If it takes off, there will be other versions of the hardware in future, similar devices from other manufacturers, and - I have no doubt - at least one attempt by the community to create their own open-source firmware for the original Pi. A pure open-source device may come at some point, but right here & now, just isn't feasible. Does that mean the Foundation should just give up, and not create this device at all? Personally, I don't think it does; there is still a hell of a lot that can be taught without getting into device driver development, and hence there is still a lot of value in shipping the device as it currently stands. If nothing else, it will prove to the world that it can be done, and go a long way towards filling the gaping hole left in UK (and worldwide) computer science teaching by the venerable BBC Micro.
Right now, the majority of children are growing up in a world where computers are seen as expensive, and as toys or appliances: they do what they were purchased for. Most children haven't heard of Linux or *BSD, and even if they have, installing it on a shared family computer is a risky prospect for someone who is still learning how these things work. There are free development tools for Windows, but again their existence isn't common knowledge amongst children, and IMHO they hide away so many of the low-level details behind GUIs and automatic code completion that they are in some ways harder to use (for absolute beginners) & less suited for teaching than their command-line equivalents. I believe there are also licensing concerns with the free versions, in terms of how you're allowed to distribute any resulting binaries.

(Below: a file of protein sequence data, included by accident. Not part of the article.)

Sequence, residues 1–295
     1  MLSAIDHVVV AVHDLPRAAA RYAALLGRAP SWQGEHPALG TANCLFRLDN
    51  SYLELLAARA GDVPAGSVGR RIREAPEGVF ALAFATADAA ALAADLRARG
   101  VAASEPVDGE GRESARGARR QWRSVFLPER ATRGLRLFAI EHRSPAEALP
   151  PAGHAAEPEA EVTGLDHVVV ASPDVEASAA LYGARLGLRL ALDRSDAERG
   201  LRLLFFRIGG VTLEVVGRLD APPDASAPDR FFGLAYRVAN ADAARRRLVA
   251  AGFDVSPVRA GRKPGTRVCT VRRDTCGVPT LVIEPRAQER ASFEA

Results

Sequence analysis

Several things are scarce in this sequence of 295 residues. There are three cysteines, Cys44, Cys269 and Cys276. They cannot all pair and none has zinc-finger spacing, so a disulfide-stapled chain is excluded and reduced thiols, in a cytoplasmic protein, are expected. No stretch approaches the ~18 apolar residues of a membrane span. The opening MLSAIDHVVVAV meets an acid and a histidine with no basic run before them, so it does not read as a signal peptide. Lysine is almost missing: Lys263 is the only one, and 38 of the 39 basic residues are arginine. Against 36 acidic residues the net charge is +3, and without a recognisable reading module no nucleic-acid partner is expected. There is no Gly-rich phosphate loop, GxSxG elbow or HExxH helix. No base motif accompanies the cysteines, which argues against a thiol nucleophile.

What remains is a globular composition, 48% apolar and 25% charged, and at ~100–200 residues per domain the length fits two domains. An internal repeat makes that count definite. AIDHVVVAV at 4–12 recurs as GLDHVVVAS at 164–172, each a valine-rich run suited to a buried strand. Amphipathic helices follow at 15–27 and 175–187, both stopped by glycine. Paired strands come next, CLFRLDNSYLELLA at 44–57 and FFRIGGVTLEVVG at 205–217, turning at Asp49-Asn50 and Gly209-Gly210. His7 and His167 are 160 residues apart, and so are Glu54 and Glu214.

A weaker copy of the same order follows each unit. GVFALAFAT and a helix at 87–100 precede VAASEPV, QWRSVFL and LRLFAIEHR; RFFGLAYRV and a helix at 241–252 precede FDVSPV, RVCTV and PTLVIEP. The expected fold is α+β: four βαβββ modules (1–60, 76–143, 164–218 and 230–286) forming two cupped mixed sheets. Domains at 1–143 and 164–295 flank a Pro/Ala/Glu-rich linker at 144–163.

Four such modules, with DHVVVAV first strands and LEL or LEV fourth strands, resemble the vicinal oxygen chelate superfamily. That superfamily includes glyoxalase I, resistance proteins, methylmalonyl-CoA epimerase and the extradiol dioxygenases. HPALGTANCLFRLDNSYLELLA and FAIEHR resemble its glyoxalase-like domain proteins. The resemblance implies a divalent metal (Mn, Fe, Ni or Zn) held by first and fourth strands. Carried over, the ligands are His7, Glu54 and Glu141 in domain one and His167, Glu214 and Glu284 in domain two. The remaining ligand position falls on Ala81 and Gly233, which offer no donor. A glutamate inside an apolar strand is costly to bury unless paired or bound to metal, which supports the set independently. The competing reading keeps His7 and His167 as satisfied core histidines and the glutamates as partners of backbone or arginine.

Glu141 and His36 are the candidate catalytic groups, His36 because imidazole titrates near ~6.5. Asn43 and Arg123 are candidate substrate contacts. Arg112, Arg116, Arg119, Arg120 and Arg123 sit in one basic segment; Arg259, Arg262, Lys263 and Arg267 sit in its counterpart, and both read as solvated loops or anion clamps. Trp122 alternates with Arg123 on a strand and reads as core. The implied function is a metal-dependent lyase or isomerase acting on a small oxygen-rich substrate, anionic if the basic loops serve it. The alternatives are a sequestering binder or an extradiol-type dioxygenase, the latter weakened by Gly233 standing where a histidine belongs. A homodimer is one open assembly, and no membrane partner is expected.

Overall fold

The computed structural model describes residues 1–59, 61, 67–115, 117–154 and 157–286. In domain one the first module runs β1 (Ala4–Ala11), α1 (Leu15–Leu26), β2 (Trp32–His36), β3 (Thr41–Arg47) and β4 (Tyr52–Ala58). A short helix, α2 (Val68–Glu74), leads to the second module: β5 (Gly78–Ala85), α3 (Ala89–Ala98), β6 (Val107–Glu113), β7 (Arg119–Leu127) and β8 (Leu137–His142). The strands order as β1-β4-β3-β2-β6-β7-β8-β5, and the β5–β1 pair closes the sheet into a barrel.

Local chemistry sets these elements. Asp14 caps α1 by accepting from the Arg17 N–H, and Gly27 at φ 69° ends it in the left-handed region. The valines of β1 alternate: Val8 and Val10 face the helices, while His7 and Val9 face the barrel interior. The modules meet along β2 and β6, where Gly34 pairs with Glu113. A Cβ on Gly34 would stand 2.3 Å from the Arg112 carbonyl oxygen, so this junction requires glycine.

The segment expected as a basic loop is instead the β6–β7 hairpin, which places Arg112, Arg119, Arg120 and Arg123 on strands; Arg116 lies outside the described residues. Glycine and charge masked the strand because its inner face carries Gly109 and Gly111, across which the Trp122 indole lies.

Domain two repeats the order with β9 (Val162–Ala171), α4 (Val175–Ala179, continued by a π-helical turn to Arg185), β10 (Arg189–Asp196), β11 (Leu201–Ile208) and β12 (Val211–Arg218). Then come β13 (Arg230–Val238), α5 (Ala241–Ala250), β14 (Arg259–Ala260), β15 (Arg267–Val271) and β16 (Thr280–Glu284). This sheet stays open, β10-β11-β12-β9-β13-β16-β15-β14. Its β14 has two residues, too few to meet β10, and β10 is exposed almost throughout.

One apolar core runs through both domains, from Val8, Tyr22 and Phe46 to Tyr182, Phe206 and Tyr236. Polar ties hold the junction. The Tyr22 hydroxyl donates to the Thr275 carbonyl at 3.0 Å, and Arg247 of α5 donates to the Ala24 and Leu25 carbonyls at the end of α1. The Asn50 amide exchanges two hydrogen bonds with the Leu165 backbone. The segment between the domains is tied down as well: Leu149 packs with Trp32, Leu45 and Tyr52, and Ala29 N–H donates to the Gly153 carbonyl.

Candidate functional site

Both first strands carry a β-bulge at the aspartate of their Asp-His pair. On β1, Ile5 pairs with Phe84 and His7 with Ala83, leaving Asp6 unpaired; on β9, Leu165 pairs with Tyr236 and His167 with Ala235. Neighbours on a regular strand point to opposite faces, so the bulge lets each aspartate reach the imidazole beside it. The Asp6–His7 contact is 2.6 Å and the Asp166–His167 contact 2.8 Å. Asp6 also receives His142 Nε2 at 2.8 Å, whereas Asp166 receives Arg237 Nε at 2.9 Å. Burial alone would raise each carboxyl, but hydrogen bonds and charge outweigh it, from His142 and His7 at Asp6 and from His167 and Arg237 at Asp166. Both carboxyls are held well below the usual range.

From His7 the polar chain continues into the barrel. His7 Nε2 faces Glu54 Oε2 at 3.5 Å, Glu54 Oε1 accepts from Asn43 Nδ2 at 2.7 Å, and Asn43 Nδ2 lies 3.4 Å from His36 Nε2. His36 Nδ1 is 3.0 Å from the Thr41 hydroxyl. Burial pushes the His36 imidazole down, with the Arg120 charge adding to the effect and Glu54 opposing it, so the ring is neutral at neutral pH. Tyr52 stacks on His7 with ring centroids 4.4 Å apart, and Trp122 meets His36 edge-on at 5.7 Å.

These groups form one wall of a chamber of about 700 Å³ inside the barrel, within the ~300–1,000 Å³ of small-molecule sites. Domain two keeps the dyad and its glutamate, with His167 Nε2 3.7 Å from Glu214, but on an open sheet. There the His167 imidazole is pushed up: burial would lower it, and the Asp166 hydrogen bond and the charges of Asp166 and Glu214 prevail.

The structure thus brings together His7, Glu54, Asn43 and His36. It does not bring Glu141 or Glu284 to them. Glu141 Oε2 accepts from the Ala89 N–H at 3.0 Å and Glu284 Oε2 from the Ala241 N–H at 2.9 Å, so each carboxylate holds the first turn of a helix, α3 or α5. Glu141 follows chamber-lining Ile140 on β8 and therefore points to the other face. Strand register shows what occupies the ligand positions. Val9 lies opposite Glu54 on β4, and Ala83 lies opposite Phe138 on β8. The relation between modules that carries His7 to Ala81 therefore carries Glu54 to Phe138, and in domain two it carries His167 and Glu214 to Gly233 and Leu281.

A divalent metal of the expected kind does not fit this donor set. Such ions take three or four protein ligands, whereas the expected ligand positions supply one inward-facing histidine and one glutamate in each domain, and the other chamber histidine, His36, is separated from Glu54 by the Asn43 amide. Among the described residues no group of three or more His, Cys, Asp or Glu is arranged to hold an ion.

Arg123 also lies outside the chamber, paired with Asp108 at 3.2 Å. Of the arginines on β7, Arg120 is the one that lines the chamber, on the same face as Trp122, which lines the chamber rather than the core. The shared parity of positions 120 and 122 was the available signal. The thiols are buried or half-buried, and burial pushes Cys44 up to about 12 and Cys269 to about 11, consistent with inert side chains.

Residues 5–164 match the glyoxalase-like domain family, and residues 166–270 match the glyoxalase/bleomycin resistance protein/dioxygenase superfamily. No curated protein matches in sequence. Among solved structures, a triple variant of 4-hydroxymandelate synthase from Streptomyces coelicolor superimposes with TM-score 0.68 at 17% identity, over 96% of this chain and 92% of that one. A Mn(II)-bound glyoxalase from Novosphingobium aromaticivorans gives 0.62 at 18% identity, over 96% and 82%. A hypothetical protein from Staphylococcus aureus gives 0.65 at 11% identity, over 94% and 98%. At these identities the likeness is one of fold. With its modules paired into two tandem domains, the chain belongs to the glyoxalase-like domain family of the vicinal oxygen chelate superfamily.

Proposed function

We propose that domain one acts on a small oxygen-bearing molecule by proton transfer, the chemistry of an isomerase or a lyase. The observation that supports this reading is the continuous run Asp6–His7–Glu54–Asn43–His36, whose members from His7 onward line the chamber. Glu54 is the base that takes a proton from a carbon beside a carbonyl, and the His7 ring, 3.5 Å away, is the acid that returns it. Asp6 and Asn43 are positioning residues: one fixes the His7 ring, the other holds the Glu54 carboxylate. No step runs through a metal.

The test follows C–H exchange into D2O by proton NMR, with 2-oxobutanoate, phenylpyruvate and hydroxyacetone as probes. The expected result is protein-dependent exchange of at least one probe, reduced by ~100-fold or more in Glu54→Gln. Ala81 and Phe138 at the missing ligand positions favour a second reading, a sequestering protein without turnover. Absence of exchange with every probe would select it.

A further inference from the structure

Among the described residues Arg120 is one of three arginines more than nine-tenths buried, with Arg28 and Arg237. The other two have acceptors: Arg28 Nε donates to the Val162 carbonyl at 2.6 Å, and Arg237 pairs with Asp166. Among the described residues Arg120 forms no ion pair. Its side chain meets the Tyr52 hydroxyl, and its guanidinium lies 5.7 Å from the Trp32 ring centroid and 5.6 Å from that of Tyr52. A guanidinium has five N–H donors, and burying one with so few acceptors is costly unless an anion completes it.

The Pi gives children the chance to have their own computer, with officially supplied development tools and teaching materials, unencumbered by licensing concerns on the development tools themselves. For someone who learnt to program using the built-in BBC Basic on an Acorn Archimedes (a direct descendent of the BBC Micro), using the accompanying printed reference manual, and has watched in horror as computers morphed over the years into toys & appliances (where are the development tools on a fresh Windows install? Where are the reference manuals? Are Apple any better?), this is very much a Good Thing.
A couple of years ago, my younger brother asked me for advice on learning to program, and - because I knew that all he had access to was the family PC, running Windows - I didn't know how to answer. By the time my own daughter is old enough to ask that question, if she ever does, I hope to have a good answer for her - and not just because her daddy happens to know his stuff.